Life Lesson

He took a gig with Teach for America in New Orleans and ended up working for FEMA

 New Orleans—If things were normal in Louisiana right now, Colin Reingold would be living a made-for-Showtime inspirational movie. The tall, blond, bearded Yale grad, 25, had been on a typically meandering post-college path. First, he did a year abroad, washing dishes in New Zealand. Then, a two-year Teach for America hitch. Last spring, he deferred admission to law school at the University of Michigan for an extra year. He had started a spoken-word poetry group among his high school English students at Edna Karr Magnet School here and taken them to a national competition; this year, he was planning to expand the program citywide. Reingold, a Pennsylvania native, had gotten pretty comfortable down South. "New Orleans is unique— it has a culture unlike any other American city's," he says. "It felt like home."

Things are not normal in this city anymore. And so, instead of introducing young minds to Langston Hughes and Nikki Giovanni, Reingold spends his days hunched behind a laptop, as an outstretched finger of the long arm of what many have criticized as a slow and bureaucratic federal aid operation. Along with approximately 50 other displaced Teach for America participants, he was hired by the Federal Emergency Management Agency in mid October at $20 an hour plus $30 for overtime as an "application assistant."

That these young college graduates, overwhelmingly from out of state, should be given the inside track over locals for well-paid temporary jobs may seem unfortunate. "Governor Kathleen Babineaux Blanco wanted to find a way to keep these teachers in Louisiana, so they will be available in the state when schools reopen," read FEMA's press release on the Teach for America hirings. A similar opportunity was not extended en masse to other New Orleans public school employees, 7,500 of whom are on unpaid disaster leave and slated to be fired by January 31.

Colin Reingold never expected to end up working here.
photo: Anya Kamenetz
Colin Reingold never expected to end up working here.

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Rachel Kramer Bussel interviews Anya Kamenetz.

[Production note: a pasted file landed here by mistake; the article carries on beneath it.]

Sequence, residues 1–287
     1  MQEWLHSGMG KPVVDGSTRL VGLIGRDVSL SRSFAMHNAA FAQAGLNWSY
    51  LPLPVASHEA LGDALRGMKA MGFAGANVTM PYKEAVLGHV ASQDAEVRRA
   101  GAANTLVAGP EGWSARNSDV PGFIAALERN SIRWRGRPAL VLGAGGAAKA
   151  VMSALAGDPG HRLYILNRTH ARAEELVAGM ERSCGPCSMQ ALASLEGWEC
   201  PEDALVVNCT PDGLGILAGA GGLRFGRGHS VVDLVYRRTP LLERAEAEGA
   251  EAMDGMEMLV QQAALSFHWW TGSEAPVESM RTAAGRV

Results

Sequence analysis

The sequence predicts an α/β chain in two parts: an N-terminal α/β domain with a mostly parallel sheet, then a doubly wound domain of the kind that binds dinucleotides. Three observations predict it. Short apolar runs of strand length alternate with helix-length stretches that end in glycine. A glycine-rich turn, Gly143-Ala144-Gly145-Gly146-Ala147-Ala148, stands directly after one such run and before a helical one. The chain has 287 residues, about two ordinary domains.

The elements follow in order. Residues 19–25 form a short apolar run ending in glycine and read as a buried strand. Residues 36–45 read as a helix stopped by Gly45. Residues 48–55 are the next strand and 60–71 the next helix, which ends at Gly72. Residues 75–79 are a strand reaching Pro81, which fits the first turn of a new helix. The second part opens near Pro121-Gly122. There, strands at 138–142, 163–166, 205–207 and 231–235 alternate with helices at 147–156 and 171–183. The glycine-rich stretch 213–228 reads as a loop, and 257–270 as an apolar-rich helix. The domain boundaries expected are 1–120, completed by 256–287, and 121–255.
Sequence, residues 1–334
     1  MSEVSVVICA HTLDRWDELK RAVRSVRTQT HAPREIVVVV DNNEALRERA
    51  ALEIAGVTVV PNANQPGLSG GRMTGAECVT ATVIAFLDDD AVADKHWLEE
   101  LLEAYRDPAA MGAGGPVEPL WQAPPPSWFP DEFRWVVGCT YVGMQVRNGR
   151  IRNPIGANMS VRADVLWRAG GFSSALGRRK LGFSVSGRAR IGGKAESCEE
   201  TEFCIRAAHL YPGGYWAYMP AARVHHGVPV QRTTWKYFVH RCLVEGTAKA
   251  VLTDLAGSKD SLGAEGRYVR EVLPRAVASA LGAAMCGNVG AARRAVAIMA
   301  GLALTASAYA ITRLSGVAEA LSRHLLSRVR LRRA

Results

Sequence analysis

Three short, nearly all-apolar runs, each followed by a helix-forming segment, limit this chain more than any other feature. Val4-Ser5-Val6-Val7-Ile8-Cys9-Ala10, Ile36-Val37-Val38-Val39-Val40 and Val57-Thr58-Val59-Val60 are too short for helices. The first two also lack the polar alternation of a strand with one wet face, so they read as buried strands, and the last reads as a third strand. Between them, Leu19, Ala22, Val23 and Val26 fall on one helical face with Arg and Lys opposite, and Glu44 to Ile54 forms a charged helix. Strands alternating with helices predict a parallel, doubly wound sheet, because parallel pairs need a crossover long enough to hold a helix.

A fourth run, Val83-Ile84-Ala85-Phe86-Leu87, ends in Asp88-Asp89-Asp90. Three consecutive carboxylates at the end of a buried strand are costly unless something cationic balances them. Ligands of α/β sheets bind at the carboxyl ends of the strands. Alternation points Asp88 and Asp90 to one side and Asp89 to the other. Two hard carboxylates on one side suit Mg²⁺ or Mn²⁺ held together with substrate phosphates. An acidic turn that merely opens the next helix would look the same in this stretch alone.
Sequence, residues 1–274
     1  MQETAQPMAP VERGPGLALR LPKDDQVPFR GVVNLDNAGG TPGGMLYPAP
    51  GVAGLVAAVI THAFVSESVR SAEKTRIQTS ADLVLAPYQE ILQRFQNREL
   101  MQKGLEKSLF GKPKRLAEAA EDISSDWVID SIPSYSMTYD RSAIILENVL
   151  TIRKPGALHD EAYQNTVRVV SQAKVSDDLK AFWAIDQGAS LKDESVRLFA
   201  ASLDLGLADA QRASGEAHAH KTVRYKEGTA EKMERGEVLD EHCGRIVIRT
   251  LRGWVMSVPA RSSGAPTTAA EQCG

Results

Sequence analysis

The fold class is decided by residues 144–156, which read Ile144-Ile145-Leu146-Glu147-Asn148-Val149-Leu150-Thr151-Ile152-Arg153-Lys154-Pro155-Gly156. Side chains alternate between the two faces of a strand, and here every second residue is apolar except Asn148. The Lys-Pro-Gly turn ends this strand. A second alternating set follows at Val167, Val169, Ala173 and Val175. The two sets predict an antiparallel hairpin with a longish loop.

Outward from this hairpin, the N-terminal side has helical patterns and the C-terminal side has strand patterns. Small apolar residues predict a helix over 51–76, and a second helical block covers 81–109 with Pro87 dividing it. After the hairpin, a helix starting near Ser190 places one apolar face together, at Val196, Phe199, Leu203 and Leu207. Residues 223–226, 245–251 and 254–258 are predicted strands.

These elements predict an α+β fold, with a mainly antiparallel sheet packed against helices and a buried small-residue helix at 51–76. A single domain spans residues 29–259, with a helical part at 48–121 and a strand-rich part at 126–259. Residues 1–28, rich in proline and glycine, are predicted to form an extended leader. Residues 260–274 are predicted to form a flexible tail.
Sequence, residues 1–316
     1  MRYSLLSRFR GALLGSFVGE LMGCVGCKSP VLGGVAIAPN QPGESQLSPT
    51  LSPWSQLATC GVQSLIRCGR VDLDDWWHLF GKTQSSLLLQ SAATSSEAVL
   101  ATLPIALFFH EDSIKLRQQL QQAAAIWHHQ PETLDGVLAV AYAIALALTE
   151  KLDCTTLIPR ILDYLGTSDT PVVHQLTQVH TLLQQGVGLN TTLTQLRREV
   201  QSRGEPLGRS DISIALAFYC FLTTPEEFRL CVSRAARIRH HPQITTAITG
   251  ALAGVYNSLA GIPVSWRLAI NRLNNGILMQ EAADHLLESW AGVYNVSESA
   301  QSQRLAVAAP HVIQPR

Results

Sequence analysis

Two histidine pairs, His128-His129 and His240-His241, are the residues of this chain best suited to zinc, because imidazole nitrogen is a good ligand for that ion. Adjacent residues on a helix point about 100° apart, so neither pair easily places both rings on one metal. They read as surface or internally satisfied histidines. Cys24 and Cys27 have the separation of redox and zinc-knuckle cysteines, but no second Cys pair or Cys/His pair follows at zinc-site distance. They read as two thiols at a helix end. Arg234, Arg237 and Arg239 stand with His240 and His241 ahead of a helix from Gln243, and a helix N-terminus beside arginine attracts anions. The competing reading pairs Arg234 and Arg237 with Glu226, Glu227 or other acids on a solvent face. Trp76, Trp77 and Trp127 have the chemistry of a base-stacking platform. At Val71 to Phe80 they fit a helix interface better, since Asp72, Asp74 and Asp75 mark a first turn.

Regardless of the politics surrounding the decision, Reingold was eager to help. When we spoke, he was working out of a tent at a new federal disaster recovery center in the recently reopened Lower Ninth Ward, among rubble and mold-blackened debris, a few blocks from Fats Domino's house. Some of those who come seeking help are parents of Reingold's former students, and he brings up the fact that he was a teacher as often as he can. "When someone comes and sits at the computer they assume we don't know anything about them or their neighborhood," he says. "When I say that I taught here, it goes from them being mad at me for FEMA's not helping them to them being grateful to me for trying to get FEMA to help them."

Reingold needs all the goodwill he can get from often frustrated applicants: "About 70 percent of the time I'm telling people they have to wait. People obviously in need of assistance haven't gotten it yet because there are bad ways of determining eligibility. Someone tells me, 'I need housing now—I'm living in my car and I don't have any money,' and I have to say, 'Sorry, ma'am, your application is in Maryland being processed—it's going to be another three to five weeks.' " The patience and calm Reingold cultivated as a teacher is much in demand at his new post.

"Working for the federal government is similar to working for the New Orleans public school system," he says. "There are plenty of good hardworking people, but for the mediocre to bad people who aren't trying, there's little accountability. There's no system for feedback or improvement. There's bloat and inefficiency."

As an example, Reingold cites one of the most commonly asked questions: "Where's my trailer?" According to The Dallas Morning News, as of December 3, FEMA had provided only 16 percent of the 22,232 housing units requested in the city. There have been delays in finding appropriate sites where the trailers can be hooked up to power and water. "We subcontract them out to the Shaw Group," says Reingold. "We just now set up a hotline where people can call and try to find out when they're coming. Before that, we'd have to say, well, you gotta wait to hear from them—if you file another application, it could take even longer."

Despite these annoyances, Reingold is happy to be working with the communities hardest-hit by the storm, the same ones he worked in as a teacher. "I'm still at a transitional point in my life," he says. "I'd like to eventually work on these urban issues more systemically. I'd be interested in coming back here after law school if there's anything for me to do."

 
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